South African Awards and a WW1 literary diversion

I spotted a mention that the cricketer Hashim Amla had been awarded the Order of Ikhamanga (Strelitzia) in Silver – I’d never heard of the award, but assumed it must be something similar to the British OBE or Order of the British Empire. It seems it is, and more specifically for art, culture, music, journalism and sport.

The President’s page explains all the different symbols of the award and there’s a list of all the recipients (I assume it’s all as it doesn’t specify). Some interesting spots on the list – the award was instituted in 2003 (30 November to be precise), the number of posthumous awards was quite staggering, in 2009 there is only one award listed and in 2016 Dr Marguerite Poland features – her name is significant in the realm of novels written about World War 1 in Africa – she is the fourth out of five female authors to write about the war. Her book Iron Love was published in 1999 (See p 166 for synopsis and discussion). [I discovered the fifth female author by chance, Joan Kennedy in 1916 published Sun, Sand and Sin, the total number of novels identified to date in all languages is 53.]

A little more digging reveals there are various other awards too.

  • Order of the Baobab for South African citizens who have contributed to community service‚ business and economy‚ science‚ medicine and technological innovation.
  • Order of Luthuli for contributions to the struggle for democracy‚ nation-building‚ building democracy and human rights‚ justice and peace as well as for the resolution of conflict.
  • Order of the Companions of OR Tambo recognises eminent foreign nationals for friendship shown to South Africa. It is therefore an Order of peace‚ cooperation and active expression of solidarity and support.

For readers interested in comparisons:

The importance of history teaching

There’s been a discussion in South Africa about making history compulsory to Grade 12 (aka Matric, A level equivalent, all school years). The comments are as expected – what will be taught, who decides, how to make a dull boring subject more appealing. The discussion aspect suggested was around teaching methodology and content. This, for me, is the wrong starting point and will only ensure we get into trouble by leaving some group out and opening up accusations of curriculum being used for political reasons.

The starting point is skills. History as a subject is highly complex as seen by the percentage of high flyers who studied history at university level. (2005 HE Academy; 2005 famous history graduates; 2010 UK Guardian; 2015 AHA on skills; 2017 perspective; 2017 Fortune 500 CEOs)

One of the concerning things when looking at the lists of people who studied history at university is the number of politicians – why are they making the same mistakes as in the past? This has led some people to think it’s not worth studying the subject, whilst another more tangible reason is that there is no obvious career route with history.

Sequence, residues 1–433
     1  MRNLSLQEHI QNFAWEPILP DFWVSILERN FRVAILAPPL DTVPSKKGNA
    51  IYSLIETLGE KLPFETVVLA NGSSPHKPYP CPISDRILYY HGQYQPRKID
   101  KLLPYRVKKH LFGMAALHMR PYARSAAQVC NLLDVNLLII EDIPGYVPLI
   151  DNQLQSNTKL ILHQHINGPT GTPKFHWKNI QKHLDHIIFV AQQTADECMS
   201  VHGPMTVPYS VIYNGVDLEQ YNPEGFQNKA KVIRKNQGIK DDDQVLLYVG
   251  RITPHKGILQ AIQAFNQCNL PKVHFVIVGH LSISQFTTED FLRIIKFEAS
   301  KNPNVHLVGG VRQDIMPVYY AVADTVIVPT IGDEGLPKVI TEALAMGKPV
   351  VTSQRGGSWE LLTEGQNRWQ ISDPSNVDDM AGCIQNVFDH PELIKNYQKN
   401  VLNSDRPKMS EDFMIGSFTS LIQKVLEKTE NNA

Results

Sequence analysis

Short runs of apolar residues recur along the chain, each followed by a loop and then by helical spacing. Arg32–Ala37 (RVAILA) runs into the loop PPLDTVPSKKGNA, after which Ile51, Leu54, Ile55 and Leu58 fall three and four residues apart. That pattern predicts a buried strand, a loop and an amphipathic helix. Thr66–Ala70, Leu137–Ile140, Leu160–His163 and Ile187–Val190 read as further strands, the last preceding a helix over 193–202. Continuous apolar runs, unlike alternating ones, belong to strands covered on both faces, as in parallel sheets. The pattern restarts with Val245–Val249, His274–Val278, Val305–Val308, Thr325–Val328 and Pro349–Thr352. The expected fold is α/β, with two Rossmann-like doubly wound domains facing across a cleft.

However, the tweet below says it best – the more people understand the past and why things are the way they are, the easier it is to effectively challenge. It levels the playing ground and for that reason alone, the subject should be taught all the way through school.
History = political life skills.

In addition, history helps develop an identity, problem solving skills, research skills, writing skills, logic and critical thinking.

Putting history in as a subject to the last year of school means that subjects such as citizenship, PSHE and the like would be integrated as they include some of the life skills needed to operate in a global world. The challenge is teaching teachers to teach the subject objectively and creatively – it can be done and for this I thank my history teacher (the same amazing woman, Mrs Amy Ansell for five years), Martin Doherty and Tony Gorst at Westminster Uni and my supervisors Profs Tony Stockwell and John Turner – all educationalists ahead of their time.

Fait accompli – battlefield decisions

One of my interests is the influence of the individual on the course of events, so rather than accepting a statement such as ‘the War Office decided…’, I will try and find out who exactly at the War Office made the suggestion which was eventually accepted. The same goes for ‘x won the battle’ – x being the commander, but there were many little actions taking place during that battle which could have gone either way. X, too, quite often wasn’t even at the site of the battle, having issued instructions via telegraph or command order. The classic case here is that of Horace Smith-Dorrien in England drawing up the battle plan for the battle of Salaita, which was approved by the War Office, Wully Robertson, on 26 December 1915, having to be carried out by General Tighe in British East Africa, now responsible to Jan Smuts who was still on his way to the theatre.